The Power of Positive Turnover

The idea that turnover could ever be a positive thing might come as a surprise to you, but trust me–there is such a thing as positive turnover. You see, there are people whose very presence on a team is inhibiting the performance and productivity of other team members. Furthermore, their attitude and inability to work well with others can damage team morale and worse—drive away good people. They are called “culture-busters.”

One of the biggest mistakes that managers and leaders make when dealing with this type of employee is to do nothing. They think that by ignoring or tolerating their behavior, everything will just mysteriously get better somehow. Wrong. If nothing changes, then nothing changes. Seems obvious, but it’s amazing how often the “do nothing” strategy is chosen as the approach for “dealing” with these type of situations.

When this is your approach, guess what happens? Your people lose confidence in you, and they draw one of the following conclusions:

1)  You’re not aware of the situation. This sends the signal that you are detached and uninvolved in the day-to-day realities of the team or organization.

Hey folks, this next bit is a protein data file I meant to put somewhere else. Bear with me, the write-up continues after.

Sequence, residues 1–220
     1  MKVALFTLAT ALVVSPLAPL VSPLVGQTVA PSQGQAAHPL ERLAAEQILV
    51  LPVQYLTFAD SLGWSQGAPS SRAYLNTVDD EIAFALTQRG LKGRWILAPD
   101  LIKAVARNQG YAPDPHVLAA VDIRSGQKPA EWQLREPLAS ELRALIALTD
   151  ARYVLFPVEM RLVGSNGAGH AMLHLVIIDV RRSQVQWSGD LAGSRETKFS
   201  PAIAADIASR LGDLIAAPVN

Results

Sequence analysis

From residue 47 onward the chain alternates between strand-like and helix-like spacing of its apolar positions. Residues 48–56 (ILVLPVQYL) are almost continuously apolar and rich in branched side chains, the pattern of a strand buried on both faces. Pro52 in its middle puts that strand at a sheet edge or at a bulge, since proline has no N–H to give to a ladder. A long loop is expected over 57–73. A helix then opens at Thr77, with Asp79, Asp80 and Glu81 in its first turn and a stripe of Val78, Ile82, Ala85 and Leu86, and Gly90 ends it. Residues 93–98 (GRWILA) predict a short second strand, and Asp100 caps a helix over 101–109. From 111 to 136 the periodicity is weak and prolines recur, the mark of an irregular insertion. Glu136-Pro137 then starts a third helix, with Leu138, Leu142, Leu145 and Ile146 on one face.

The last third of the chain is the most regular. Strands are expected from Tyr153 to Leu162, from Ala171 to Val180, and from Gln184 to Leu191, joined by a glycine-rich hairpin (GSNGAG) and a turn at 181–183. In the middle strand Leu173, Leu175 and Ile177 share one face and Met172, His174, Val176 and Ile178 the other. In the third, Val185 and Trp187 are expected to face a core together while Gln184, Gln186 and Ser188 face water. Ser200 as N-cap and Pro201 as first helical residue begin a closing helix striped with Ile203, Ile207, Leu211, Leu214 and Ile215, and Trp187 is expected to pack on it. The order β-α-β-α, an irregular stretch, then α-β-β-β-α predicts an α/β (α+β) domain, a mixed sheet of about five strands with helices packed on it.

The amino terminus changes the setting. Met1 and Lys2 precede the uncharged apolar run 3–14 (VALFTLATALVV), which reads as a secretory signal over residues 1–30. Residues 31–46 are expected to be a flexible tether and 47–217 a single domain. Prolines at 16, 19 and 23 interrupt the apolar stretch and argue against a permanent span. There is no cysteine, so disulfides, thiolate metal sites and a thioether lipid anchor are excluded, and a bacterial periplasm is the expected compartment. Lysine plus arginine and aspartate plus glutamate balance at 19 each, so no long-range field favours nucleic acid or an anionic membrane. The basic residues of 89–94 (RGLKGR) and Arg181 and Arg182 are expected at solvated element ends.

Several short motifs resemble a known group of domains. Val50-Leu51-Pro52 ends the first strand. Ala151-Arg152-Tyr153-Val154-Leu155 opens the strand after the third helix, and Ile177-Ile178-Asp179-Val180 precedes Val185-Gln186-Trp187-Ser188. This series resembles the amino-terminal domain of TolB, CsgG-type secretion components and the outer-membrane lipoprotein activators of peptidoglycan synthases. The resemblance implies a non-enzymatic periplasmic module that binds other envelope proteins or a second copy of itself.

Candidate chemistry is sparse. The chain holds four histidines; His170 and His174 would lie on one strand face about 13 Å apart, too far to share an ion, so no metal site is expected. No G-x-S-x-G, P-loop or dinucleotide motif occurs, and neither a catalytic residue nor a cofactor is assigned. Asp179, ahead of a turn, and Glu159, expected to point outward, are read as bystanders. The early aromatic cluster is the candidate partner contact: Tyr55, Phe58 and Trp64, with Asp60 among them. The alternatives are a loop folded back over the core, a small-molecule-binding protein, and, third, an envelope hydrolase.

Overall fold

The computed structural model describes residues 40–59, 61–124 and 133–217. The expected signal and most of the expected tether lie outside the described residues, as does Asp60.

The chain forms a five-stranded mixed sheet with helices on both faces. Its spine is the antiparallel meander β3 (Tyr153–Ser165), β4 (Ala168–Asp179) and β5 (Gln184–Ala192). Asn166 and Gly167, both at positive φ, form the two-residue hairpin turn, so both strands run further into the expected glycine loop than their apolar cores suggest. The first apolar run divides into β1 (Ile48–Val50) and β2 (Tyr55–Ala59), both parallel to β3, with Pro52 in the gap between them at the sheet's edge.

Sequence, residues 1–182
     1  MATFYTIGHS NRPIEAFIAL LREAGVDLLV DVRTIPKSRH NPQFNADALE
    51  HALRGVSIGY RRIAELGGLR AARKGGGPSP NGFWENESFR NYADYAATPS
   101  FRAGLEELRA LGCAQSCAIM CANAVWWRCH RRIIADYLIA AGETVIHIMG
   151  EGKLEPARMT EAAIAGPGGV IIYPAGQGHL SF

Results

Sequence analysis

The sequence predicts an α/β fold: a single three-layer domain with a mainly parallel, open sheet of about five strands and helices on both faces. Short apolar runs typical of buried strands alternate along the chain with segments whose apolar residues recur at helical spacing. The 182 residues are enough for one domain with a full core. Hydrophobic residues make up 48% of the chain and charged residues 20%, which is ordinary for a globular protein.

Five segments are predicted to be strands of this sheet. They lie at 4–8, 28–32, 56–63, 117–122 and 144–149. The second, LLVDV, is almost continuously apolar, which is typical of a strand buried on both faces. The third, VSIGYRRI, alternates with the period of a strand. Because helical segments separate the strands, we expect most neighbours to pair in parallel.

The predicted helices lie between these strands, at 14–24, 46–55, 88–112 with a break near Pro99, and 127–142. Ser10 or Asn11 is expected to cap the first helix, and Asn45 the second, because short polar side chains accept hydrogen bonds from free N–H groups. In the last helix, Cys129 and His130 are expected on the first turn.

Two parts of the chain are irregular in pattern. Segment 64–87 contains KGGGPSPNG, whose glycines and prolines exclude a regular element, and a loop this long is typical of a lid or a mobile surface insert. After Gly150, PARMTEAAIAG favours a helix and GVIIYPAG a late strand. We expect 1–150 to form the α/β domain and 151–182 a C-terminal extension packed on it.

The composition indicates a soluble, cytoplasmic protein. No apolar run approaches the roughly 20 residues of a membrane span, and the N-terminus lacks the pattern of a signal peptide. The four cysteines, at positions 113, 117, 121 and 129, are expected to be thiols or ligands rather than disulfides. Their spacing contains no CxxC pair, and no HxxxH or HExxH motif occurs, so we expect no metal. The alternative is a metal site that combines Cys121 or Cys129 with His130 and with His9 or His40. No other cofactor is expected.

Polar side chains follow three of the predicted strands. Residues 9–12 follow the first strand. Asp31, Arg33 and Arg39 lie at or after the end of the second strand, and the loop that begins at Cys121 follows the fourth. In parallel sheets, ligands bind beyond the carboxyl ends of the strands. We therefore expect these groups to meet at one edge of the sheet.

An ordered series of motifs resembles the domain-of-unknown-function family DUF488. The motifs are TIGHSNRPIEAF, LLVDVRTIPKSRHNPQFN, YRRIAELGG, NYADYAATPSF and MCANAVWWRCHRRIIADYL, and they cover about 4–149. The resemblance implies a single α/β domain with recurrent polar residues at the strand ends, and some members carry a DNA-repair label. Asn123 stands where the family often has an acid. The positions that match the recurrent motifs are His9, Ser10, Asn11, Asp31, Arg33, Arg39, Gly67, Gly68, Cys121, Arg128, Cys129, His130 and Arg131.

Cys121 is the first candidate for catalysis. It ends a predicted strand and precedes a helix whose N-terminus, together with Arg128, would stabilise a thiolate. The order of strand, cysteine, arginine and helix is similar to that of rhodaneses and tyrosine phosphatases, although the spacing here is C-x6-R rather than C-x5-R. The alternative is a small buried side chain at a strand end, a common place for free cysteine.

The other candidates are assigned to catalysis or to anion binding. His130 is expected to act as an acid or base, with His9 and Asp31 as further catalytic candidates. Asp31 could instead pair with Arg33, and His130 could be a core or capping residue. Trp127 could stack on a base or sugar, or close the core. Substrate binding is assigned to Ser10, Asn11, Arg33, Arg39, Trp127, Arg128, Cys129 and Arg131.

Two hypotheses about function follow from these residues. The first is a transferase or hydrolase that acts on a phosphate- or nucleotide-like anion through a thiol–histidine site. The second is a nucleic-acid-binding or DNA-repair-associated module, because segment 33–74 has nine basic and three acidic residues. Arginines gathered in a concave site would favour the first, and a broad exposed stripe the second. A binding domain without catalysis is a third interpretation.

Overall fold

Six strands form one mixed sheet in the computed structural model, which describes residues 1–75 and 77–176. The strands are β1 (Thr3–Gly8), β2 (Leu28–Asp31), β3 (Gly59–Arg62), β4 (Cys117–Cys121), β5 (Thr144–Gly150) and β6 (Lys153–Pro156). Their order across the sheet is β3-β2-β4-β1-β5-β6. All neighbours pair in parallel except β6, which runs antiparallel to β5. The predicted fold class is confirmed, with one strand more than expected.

2)  You’re aware of the situation, but you’re not doing anything about it. This sends the signal that you are not comfortable making tough decisions or dealing with conflict.

The damage caused by failing to deal with an employee that is detracting from the team and hurting the performance of the organization can be catastrophic. Morale declines, performance declines, organizational health declines, good people leave. As the leader, you don’t want any of these things to happen, so why run the risk of allowing a “culture-buster” to wreak havoc on your team and organization?

If you find yourself in this situation, faced with the tough decision to let someone go, confront the issue head-on. Do not let the short-term feelings of conflict or discomfort cause you to avoid making a decision that has long-term implications for the health and success of your organization.

Here’s the good news: when you do decide to confront the issue and remove the person from the organization (assuming their attitude/behavior cannot be corrected), the morale of your team will immediately increase. It’s like a breath of fresh air, a brand-new day that gives hope and instills confidence. It says to your people that you are aware of what’s going on around you, and you will not tolerate anyone who seeks to damage the culture, health, or performance of the team. This is leadership in action, and your people need to see it from you.

Are you dealing a potential “culture-buster” situation on your team? Is anything preventing you from making the decision that you know deep down needs to be made? Ponder the potential consequences of not acting. This should make your decision a lot easier.

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